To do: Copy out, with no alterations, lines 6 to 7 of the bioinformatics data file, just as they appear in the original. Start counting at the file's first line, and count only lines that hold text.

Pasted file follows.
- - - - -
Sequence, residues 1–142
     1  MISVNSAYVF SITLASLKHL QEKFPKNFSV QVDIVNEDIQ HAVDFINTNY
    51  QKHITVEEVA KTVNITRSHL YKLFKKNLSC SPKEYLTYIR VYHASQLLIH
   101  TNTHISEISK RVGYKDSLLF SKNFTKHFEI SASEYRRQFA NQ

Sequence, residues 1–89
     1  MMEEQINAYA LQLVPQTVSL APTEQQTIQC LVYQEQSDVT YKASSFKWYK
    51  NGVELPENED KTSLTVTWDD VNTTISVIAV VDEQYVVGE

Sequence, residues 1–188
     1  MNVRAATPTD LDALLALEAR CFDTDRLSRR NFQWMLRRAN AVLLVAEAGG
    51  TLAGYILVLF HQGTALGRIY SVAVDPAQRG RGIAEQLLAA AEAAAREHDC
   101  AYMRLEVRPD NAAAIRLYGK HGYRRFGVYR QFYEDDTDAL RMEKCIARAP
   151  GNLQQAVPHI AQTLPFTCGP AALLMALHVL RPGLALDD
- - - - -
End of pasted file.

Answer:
     1  MMEEQINAYA LQLVPQTVSL APTEQQTIQC LVYQEQSDVT YKASSFKWYK
    51  NGVELPENED KTSLTVTWDD VNTTISVIAV VDEQYVVGE